If, in fact, they are values — core values of ethical behavior, trustworthiness, honesty, etc. — they define a leader. Collective values define the culture, good or bad, functional or dysfunctional, of any group, team, faculty or school board.

The most effective teams respect and identify closely with core values. Where conflict and animosity arise, it’s usually because a team member’s values get trampled on and a core value of respect for others’ opinion is lacking.

During points of conflict, true leaders must have clear and undeniable skills of communication, logic, reasoning and fact-finding, but they also should possess the qualities that define the core values of the group.

What is said, what is done
Members of the team can’t see into the heart of the leader to determine thoughts and feelings. Thus, a leader is left with what actually occurs, what actually is said, and what perceptions are established … for better or worse.

Steven Covey claimed, “… what we are communicates far more eloquently and persuasively than what we say or even do.” If actions and deeds match thoughts and attitudes, trustworthiness emerges, and constituents are the beneficiaries.

The staff and community may not be able to see trust, but they know what it is … they feel it, and it is unmistakable if trust is broken.

In The Leadership Challenge, James Kouzes and Barry Z. Posner state: “What leaders say they do is one thing; what constituents say they want and how well leaders meet these expectations is another.”

Kouzes and Posner began conducting worldwide research on leader expectations more than 30 years ago. Each time, they emphasize willingly as the key word. What leadership behaviors would the respondents follow, not because they are forced to do so via policy or procedures, rather following because they want to?

The results are startling because they have been consistent from continent to continent and have not shown a significant variance by demography, organization or culture. The same four characteristics of honesty, vision, inspiration and competency have been in lock step year after year.

As a school board member, superintendent, principal or assistant administrator, having a clear picture of what constituents aspire from those who lead provides the ground work for effective decision making.

In Getting to Yes: Negotiating Agreement without Giving In, Roger Fisher and William Ury claim that good agreements are wise and efficient, and improve relationships. Wise agreements satisfy the parties’ interest and are fair and lasting.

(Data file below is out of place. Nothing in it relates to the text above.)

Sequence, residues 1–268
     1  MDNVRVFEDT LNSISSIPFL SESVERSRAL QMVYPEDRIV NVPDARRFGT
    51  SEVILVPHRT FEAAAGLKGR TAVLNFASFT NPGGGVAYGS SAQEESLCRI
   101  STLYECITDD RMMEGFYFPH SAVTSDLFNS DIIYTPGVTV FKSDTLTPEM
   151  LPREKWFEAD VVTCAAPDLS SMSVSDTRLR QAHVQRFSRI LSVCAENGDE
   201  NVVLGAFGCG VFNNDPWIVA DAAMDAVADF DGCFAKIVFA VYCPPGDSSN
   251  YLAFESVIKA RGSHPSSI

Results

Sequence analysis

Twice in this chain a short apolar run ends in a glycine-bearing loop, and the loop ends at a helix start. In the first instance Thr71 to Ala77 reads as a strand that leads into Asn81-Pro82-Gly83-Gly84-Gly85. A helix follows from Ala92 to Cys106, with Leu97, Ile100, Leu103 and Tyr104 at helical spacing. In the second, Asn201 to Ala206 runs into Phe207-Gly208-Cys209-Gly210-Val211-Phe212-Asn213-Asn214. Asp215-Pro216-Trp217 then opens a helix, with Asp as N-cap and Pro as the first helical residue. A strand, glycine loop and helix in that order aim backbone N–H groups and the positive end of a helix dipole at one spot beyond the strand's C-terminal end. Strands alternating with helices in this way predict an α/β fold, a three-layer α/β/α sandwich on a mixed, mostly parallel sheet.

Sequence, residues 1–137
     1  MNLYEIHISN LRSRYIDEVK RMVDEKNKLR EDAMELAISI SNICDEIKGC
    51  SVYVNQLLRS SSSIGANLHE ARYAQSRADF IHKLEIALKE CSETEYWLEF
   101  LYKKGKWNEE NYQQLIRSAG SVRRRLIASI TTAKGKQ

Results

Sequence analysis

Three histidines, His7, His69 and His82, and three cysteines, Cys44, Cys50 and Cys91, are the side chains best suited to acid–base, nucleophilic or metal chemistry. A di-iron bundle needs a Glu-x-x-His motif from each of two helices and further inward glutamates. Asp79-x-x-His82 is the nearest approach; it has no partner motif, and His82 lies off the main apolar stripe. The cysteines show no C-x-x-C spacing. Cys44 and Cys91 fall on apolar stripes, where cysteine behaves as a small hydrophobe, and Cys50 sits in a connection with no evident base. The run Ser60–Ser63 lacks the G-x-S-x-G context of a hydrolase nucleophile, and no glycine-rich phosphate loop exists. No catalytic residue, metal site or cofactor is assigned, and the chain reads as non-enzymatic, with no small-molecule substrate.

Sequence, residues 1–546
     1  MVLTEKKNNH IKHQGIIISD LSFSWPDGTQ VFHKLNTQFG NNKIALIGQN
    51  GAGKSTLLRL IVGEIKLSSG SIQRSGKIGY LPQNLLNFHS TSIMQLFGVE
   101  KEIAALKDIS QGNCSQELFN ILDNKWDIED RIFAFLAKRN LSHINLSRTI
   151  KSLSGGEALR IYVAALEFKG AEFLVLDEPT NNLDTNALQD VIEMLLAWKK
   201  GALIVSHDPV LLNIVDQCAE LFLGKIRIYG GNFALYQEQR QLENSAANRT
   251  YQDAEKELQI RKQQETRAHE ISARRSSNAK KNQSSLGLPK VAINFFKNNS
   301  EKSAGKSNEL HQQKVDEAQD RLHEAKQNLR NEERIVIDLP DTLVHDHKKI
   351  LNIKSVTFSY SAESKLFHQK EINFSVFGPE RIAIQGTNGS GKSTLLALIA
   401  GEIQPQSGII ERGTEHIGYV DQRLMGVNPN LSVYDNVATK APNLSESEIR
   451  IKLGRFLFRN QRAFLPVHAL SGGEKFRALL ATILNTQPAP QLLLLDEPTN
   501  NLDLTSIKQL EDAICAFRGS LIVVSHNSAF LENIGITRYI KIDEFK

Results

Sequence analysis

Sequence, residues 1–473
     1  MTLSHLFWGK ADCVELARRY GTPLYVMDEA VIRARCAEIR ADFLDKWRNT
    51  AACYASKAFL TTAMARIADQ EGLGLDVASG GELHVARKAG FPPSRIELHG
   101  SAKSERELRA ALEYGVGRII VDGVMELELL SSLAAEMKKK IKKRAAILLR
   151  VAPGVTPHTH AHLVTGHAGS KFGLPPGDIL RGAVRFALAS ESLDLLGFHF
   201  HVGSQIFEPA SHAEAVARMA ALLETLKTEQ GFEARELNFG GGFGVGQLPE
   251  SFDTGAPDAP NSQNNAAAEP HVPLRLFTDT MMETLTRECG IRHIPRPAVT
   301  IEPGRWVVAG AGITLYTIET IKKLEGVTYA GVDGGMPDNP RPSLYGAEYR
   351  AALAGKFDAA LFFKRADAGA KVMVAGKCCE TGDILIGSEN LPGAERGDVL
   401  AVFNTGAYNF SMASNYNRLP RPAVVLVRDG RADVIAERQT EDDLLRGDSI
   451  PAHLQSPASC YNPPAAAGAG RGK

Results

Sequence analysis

A person’s willingness to confidently follow a leader into battle, the board room, front office or any critical situation will only occur if they can assure themselves that the leader is worthy of trust.

The setting makes no difference; followers want to be confident in their leaders and confidence comes from leaders possessing strong character and solid integrity.

In Trust Rules: The Most Important Secret, Duane C. Tway defines three constructs of trust as “ … the capacity for trusting, the perception of competence and the perception of intentions.” He goes on to define the practice of ethical leadership as treating everyone with fairness and honesty. Thinking about ethical behavior is simply not enough; thoughts have to be directly connected with action.

Leaders face complex multifaceted problems each day. It can be easily argued the most serious workplace problem that leaders face is lack of trust, due to the loss of competency, compassion and core values.

If leaders fail to allow their values to be identified through their acts and behaviors, mistrust will be a by-product. Lack of trust then can create enough skepticism to halt productivity, thereby placing the advancement of every facet of an educational program in jeopardy.

New or experienced school district leaders must be well-versed in the traditional skill sets associated with success. It is no longer possible for success to prevail without effective credible communication that enhances believability.

The most successful school district leadership understands and practices a credible, moral and trustworthy manner while displaying high standards and values. But most importantly, leadership must maintain honesty at the heart of thoughts, acts and behaviors.

The job of a good leader is to extend trust first. Not a blind trust without expectations and accountability, but rather “smart trust” with clear expectations and strong accountability built into the process.

The best leaders recognize that trust impacts the organization all the time: every relationship, every communication, every work project, every organizational venture and every effort in which they are engaged.

It is reasonable to expect that as long as mission, philosophy, goals and objectives are in alignment, coupled with honest and trustworthy behavior, the collective intelligence of the organization will rise, and children will be in an educational institution that can truly meet their needs.

References
Stephen R. Covey, Principle-Centered Leadership, Simon and Schuster, Fireside Book, New York, 1992

Roger Fisher and William Ury, Getting To Yes: Negotiating Agreement without Giving In, Houghton Mifflin, New York: Penguin Books, 1981 (1991)

James Kouzes and Barry Z. Posner, The Leadership Challenge, Jossey-Bass, 2008

Duane C. Tway, Trust Rules: The Most Important Secret, dissertation, 1993